Sunday, 17 January 2010

Generic London

In the sculpture gallery of the Victoria and Albert Museum there is a marble sculpture of an “Athlete Wrestling with a Python” by the Victorian Near East traveller, artist and president of the Royal Academy Frederic Lord Leighton. The sculpture is a variation of the classic theme of Laocoön and his sons. The Leighton figure liberates the idea of wrestling with the snake from its aspect of gruesome divine punishment. The athlete appears to be mastering or conquering the snake rather than being overcome by it. The snake winds itself around the athlete who holds its gaping mouth at arm’s length. The athlete’s figure and pose emerge from the classic theme of Laocoön but is now infused with a new ‘dynamic naturalism’. At the time the work was considered the onset of a ‘renaissance’ in British sculpture called the New Sculpture. Leighton’s ‘Athlete’ is no longer the mythical doomed Trojan priest of Poseidon – he is a generic athlete wrestling with a generic snake, which has not been sent across the sea by a god but just happens to him in nature. Generic is a key to naturalism as opposed to the mythical. Fascism’s mythology is paradoxical being generic and mythical at the same time.

Still, the athlete has not yet conclusively subdued the serpent. “Serpens nisi serpentem comederit non fit draco” (Serpent must swallow serpent to become a dragon) does not seem likely. Everything is rather in abeyance, undecided. The athlete does not hold up the head of the snake in the triumphant pose of a Theseus with the Minotaur’s head or a Perseus with the head of the Medusa. It is a mere contest – and one he might lose. About his expression and bulging neck veins is a hint of desperation. He is not a founder-hero. One is tempted to see this ‘new naturalism’ as a sign of Victorian imperial uncertainty. The empire – the snake – is unpredictable in its movements. Following the wave of revolutions on the continent in 1848 and the “Indian Mutiny” in 1857-59 the British Empire was seen as vulnerable to internal and external forces.

Leighton seems to have been tempting the devil - using the iconography of Laocoön as the ‘template’ for a new imperial mythology. Victoria had crowned herself Empress of India in 1877 – in the same year “Athlete Wrestling with a Python” was first exhibited. Victoria had been an early patroness of Leighton, he sold his first painting to her. He was knighted in 1878 at Windsor. Victorian artists were not autonomous – they were empire artists, promoting the cult of imperial grandeur and dynastic infinitude.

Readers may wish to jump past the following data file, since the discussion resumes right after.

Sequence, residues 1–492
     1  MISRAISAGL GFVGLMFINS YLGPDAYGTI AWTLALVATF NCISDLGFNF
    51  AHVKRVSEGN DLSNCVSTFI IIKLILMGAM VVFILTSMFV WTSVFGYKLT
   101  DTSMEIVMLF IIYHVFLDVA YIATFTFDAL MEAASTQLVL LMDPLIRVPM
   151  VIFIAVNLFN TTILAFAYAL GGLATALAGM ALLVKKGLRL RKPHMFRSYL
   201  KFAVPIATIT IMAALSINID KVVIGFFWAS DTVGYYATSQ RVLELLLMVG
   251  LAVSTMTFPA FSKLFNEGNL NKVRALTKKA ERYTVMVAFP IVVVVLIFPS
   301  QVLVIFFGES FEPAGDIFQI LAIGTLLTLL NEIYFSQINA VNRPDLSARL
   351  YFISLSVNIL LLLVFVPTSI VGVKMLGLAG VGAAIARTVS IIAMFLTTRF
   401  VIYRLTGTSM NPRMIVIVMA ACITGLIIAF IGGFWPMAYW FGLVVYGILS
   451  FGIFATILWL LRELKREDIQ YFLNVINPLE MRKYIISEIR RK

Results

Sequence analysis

Why though did Leighton choose a mythical armature for his naturalist athlete whose theme is so intimately connected to total disaster – the fall of Troy? One wonders if this was a case of hubris or an unconscious portent of the end of empire - at its seeming pinnacle. Five years after Victoria assumed the title of Empress of India, Britain invaded and occupied Egypt,  to protect the ‘gateway to India’. The map of Leighton’s travels shows his frequent movement between the four empires ruling the ‘East’ at that time – Britain, France, Turkey, Persia. But he certainly would have been aware of John Ruskin’s menacing comparisons of the ‘great powers’ Tyre, Venice and Britain and the dire warning with which he begins “Stones of Venice”: “Since first the dominion of men was asserted over the ocean, three thrones, of mark beyond all others, have been set up upon its sands: the thrones of Tyre, Venice and England. Of the First of these great powers only the memory remains; of the Second, the ruin; the Third, which inherits their greatness, if it forget their example may be led through prouder eminence to less pitied destruction.” Perhaps Leighton’s generic Laocoön was a gesture of defiance towards the myth of doomed power and its looming possibility? Or was it a staid Victorian predecessor to the Nazi-Wagner cult of Götterdämmerung and Valhalla?

Besides his Arab Hall in “Leighton House”, Holland Park London, Frederic Lord Leighton is renowned for having had the shortest peerage in the history of hereditary peerages. He was made a Lord in 1896. One day later he died of angina pectoris. As he was unmarried the Barony was extinguished. His peerage lasted one day. 

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